First News | 9 September 2020
Australian mining firm launches arbitration proceedings against Poland
Australian mining firm Prairie Mining has launched international arbitration proceedings against Poland, claiming damages for the alleged hindering of the development of its two coal mines located in the country, the company said in a news release.
"Following the announcement in July that the Company had secured A$18m for litigation funding, the filing of the Company’s Notices of Arbitration is the next step forward in its pursuit of damages following actions and omissions by the Republic of Poland, which have prevented Prairie from developing its world class Jan Karski and Debiensko coking coal projects. We have had no option but to take this action and enforce the Company’s rights to recover full value for shareholders through international arbitration,” the company’s CEO Ben Stoikovich was quoted as saying in Prairie Mining’s news release.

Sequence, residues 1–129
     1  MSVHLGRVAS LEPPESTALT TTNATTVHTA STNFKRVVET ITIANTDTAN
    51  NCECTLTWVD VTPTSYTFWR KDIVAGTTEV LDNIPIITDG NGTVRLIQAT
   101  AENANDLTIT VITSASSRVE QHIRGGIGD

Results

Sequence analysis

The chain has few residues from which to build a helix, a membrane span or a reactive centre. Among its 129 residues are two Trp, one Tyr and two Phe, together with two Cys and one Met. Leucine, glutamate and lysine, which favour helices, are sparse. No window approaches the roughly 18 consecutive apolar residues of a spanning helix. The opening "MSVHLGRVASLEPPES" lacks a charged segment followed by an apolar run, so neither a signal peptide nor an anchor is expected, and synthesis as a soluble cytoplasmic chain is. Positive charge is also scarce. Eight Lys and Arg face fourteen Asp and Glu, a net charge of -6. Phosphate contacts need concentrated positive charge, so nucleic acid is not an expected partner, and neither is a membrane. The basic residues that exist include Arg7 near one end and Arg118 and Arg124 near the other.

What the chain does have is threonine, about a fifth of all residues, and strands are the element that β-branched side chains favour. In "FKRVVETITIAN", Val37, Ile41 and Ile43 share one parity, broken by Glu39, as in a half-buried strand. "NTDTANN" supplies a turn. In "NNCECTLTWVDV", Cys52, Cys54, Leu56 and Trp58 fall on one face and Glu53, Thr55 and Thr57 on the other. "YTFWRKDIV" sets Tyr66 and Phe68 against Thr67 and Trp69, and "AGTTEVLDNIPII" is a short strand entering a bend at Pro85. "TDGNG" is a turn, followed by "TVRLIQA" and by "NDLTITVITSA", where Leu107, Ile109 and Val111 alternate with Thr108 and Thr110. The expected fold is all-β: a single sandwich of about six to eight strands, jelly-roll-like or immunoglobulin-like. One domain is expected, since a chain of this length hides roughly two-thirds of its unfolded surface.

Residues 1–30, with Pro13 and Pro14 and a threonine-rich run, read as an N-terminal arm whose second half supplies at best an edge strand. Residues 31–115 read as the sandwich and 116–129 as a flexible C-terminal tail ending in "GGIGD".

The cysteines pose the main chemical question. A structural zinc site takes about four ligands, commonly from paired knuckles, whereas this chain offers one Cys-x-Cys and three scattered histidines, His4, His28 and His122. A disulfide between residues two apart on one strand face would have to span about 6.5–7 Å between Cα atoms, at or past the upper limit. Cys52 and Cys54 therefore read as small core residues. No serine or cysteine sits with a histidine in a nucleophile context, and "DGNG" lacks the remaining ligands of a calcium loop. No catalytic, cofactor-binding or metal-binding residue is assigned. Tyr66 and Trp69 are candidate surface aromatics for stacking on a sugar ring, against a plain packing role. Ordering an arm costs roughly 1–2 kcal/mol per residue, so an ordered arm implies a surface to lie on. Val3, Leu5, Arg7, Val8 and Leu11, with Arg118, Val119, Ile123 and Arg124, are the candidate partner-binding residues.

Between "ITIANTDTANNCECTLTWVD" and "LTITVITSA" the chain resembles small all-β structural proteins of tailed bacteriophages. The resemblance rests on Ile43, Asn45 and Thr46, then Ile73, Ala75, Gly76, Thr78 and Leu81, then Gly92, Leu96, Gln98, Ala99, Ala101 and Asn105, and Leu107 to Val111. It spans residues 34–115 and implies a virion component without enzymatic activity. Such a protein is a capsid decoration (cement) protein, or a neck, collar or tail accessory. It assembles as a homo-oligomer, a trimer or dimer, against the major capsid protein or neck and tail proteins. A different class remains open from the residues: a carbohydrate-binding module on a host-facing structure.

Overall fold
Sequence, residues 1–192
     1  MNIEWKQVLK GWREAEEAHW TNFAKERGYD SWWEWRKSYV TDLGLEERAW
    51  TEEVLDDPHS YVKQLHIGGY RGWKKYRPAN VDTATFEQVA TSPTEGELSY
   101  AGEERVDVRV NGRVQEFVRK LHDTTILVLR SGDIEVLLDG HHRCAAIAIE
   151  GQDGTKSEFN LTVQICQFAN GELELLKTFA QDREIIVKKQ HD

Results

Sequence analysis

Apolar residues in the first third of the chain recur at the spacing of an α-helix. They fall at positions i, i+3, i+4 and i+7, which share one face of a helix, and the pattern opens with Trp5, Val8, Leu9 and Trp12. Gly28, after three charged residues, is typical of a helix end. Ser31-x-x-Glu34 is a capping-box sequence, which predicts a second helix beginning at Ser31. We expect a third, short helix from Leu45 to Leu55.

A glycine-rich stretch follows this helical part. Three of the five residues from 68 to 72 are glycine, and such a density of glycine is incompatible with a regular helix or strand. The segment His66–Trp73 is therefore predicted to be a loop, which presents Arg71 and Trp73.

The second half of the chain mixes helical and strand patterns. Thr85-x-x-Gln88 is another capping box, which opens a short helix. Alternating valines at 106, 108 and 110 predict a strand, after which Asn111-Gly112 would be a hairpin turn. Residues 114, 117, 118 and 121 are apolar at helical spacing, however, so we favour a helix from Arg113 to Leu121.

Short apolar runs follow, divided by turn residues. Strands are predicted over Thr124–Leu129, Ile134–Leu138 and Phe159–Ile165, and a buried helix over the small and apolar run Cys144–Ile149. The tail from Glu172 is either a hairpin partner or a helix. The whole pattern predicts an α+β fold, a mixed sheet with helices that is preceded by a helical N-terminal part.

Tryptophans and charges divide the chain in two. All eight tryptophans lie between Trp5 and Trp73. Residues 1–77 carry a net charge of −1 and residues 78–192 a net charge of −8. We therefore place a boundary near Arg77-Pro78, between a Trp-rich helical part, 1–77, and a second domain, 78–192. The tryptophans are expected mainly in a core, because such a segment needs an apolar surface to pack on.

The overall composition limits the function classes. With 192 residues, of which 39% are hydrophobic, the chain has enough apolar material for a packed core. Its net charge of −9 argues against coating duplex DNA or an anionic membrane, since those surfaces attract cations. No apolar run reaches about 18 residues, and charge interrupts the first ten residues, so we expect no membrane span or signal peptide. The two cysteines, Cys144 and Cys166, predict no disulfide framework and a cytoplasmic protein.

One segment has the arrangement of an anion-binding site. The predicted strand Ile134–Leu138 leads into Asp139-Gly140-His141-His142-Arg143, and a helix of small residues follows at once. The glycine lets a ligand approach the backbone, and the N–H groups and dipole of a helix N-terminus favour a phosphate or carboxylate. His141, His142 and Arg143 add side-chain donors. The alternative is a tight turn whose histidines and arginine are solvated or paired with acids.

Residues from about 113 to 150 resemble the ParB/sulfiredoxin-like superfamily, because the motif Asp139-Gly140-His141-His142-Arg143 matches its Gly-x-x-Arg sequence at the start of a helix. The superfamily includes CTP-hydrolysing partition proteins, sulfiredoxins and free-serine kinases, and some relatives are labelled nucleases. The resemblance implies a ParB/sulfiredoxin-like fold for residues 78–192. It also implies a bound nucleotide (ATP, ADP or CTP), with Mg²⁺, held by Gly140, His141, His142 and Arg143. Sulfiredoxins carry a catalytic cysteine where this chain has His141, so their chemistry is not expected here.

Prairie Mining has served the notices of arbitration under both the Energy Charter Treaty and the Australia–Poland Bilateral Investment Treaty, the company said.
In the company’s view, Poland has breached its obligations resulting from the two treaties through its actions aimed at hindering the development of the two mines, "effectively depriving Prairie of the entire value of its investments in Poland."
The claim for damages concerns "the value of Prairie’s historic expenditure in developing both the Jan Karski and Debiensko mines," as well as "lost profits and damages that the Company has suffered as a result of Poland’s acts and omissions which have resulted in the expropriation of both the Jan Karski of Debiensko mines."
The company is also seeking reimbursement of the costs of arbitration, but it did not reveal the total amount of damages sought.